Note from Project Advisor: The following description of stages of moral development was created by the author after a four-week immersion experience in a small village in Yunnan Province. The author paid particular attention to people from the village for whom he had respect, and attempted to develop his own ideas about what he saw as the stages or levels of moral development present in the village.
There are various levels of moral development that people go through over the course of their lives. Whether changes between these stages occur due to aging or maturation is unclear, but there seems a general positive correlation between experience and levels of moral development. While there are the occasional children that are far more mature than the norm, as well as adults who are found to be immature for their age, on average, adults are more mature than children, and seniors more mature than adults. This is why people often look to their elders to seek advice and or comfort in times of uncertainty. Over the course of an individual's aging, they will pass through five stages of basic moral development. Thereafter, there are three paths of moral obligation and reasoning an individual will have to choose between in order to determine their life style.
Stage one: instinctive action
There is not much to be said about the first stage of moral development. An infant will have joined the world, and resorts to any temptations and urges it comes across. There is no thought process at this stage, simply doing whatever comes to mind.
Stage two: Self Loyalty
The stage in life where one is loyal to oneself is a stage that may reoccur constantly. Actions during this phase are caused by pure greed, with no regard for others. Certain individuals who tend to regard themselves as more important than those around them constantly revisit this phase.
Stage three: Familial Loyalty
Family is probably the most important concept within most people‚Äôs lives. Parents, siblings, and cousins are essentially the fundamental building blocks of an individual‚Äôs personality. Most individuals go through this stage between ages 4 and 7. While loyalty towards your family members remains, it comes to be lower on the list of priorities as the fourth stage approaches.
Stage four: Loyalty to friendship.
Friends and peers become the essential parts of life after entering any educational institute. Peers slowly become more important than parents after entering school. Once reaching teen years, these friends reach a climax, and friends eventually become first and foremost over everything. Over the course of life, friends will remain one of the top priorities, no matter what the situation.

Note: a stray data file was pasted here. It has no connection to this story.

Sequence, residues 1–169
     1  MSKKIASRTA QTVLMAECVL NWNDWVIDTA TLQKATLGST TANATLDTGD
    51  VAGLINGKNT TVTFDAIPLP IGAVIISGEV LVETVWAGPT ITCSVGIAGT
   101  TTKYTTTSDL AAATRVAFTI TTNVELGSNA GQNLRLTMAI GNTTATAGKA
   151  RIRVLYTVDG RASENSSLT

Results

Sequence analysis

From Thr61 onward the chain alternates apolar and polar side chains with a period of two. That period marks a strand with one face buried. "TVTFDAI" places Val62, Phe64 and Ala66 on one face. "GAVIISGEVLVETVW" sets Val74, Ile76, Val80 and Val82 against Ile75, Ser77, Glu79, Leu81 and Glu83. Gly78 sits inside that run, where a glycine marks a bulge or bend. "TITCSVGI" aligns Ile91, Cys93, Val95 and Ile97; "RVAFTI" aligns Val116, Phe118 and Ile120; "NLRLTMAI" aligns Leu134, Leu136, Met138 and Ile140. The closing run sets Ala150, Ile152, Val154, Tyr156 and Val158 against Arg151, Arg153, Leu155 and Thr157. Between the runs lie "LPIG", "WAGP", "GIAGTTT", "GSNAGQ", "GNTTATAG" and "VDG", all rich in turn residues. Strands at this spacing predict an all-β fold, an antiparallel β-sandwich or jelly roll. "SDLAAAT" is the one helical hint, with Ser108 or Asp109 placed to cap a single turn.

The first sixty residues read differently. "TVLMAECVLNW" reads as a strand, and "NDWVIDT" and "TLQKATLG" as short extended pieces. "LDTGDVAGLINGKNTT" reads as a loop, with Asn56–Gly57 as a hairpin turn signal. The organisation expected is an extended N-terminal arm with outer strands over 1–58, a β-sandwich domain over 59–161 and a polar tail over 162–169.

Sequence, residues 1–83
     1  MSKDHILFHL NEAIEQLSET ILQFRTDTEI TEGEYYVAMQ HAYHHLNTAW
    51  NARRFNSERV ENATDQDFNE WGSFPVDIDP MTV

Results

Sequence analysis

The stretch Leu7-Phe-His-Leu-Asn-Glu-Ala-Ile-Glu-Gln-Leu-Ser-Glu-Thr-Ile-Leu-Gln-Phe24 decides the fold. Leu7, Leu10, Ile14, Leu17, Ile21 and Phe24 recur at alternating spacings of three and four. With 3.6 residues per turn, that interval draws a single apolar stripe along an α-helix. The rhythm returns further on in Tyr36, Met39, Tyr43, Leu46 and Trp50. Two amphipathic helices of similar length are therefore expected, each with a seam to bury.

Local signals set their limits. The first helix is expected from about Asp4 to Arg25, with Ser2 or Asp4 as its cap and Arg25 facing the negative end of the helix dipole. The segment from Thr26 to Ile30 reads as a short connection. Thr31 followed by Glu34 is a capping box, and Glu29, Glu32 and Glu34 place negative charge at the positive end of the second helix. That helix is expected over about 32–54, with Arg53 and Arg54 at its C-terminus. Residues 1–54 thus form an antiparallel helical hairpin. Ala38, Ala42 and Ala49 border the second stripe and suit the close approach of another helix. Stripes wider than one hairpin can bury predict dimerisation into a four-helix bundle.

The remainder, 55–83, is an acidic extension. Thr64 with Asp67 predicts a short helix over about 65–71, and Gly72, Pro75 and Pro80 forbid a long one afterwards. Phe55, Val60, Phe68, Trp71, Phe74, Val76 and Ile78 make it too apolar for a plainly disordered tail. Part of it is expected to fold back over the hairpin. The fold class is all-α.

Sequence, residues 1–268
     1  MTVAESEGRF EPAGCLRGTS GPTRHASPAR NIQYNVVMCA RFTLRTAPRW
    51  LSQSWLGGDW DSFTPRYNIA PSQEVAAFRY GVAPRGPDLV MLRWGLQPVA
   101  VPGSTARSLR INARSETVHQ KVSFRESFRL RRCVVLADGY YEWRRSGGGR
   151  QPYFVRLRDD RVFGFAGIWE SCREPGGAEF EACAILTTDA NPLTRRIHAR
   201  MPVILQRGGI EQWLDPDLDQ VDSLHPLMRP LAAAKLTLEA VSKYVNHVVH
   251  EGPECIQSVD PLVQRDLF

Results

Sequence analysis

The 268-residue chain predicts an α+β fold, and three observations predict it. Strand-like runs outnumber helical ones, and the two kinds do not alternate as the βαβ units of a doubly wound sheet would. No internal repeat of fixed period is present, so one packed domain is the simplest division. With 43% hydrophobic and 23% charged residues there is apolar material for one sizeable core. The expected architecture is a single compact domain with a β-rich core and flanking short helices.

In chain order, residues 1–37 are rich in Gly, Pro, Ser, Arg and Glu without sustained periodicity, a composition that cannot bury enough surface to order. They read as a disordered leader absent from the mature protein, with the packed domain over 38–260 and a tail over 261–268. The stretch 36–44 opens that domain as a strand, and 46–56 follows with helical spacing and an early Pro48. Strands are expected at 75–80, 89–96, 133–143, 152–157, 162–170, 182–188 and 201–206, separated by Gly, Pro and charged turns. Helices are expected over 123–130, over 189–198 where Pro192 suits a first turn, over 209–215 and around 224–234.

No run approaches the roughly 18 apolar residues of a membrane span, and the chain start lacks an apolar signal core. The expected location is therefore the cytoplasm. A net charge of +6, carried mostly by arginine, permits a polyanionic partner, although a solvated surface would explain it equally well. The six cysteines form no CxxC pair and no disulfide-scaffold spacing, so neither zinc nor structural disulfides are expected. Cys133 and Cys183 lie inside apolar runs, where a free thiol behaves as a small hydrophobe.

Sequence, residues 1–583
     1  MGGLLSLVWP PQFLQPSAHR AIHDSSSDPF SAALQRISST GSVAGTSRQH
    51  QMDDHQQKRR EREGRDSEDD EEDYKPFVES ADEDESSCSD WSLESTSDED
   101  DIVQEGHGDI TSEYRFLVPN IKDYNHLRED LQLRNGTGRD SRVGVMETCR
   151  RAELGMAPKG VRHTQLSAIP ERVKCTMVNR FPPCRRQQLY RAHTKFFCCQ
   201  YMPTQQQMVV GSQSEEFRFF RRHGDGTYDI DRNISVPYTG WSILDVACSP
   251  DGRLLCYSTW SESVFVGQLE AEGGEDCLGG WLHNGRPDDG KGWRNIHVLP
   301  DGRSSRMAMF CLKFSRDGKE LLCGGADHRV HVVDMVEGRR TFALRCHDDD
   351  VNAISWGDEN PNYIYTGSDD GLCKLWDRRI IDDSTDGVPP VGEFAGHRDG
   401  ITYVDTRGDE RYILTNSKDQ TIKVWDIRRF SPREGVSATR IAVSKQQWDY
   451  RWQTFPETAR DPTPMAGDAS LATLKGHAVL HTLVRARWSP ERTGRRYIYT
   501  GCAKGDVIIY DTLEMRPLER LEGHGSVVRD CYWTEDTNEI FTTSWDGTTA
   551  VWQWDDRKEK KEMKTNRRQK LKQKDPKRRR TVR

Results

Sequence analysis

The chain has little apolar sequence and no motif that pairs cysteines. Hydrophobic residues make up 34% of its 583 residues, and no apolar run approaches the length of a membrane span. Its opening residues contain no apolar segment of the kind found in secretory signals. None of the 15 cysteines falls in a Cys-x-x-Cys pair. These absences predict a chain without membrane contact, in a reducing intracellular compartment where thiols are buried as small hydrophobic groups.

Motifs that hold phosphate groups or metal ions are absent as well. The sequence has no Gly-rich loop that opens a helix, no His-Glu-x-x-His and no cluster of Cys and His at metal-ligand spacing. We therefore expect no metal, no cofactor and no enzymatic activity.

Stage five: Passion
Once loyalty is outgrown, moral obligations turn to passions, driving people‚Äôs lives. Those who don‚Äôt find the passion in life eventually lead meaningless, shallow lives. Passion is often found shortly after independence from parents. Those who find passion in their lives, and let these passions define who they are, are the ones who shake the world, and leave a mark for the future to remember. Many people allow these passions to drive them until their dying day, or until that passion is somehow satiated. Often, people don‚Äôt find these passions in life, and lead relatively aimless lives until reaching the after stages of moral obligation.
After stage one: Continuing Passions
Passion can be seen as a positive force by most. However, if seen from a different angle, passion can be seen as negative. It diverts people from leading well-rounded lives, and can even lead to obsession. Once learning of the joys of having a passion, individuals can follow multiple passions, missions to live for, and fulfilling these until their dying day. While these people may live lives with no regrets, they are often lonely, never getting to experience many of life's finer points that are left in the details.
After stage two: Going back
Besides following whatever passion comes to mind, a large portion of the population prefer to go back to the first four stages of moral obligation, remaining loyal to their friends, family, and often self. While the majority of these people are referred to as the ‚Äúnormal‚Äù people, and are considered "non-world-changers." They still remain the happiest as individuals, and as a whole, among the three after-stages of moral obligation.
After stage three: Devotion
Probably the most rarely reached stage of moral reasoning and obligation is devotion. Devotion is a concept that can only be understood by rare individuals that come and go over the course of the years. The Dalai Lama, Hitler, Bill Gates, and many more are examples of devotion. Unlike passion, devotion requires laying your entire life down for a cause, and willing to die for it. Such commitment is often next to impossible for most, and those that manage to reach this stage of moral obligation are the ones that truly change the world, for better or for worse being their choice.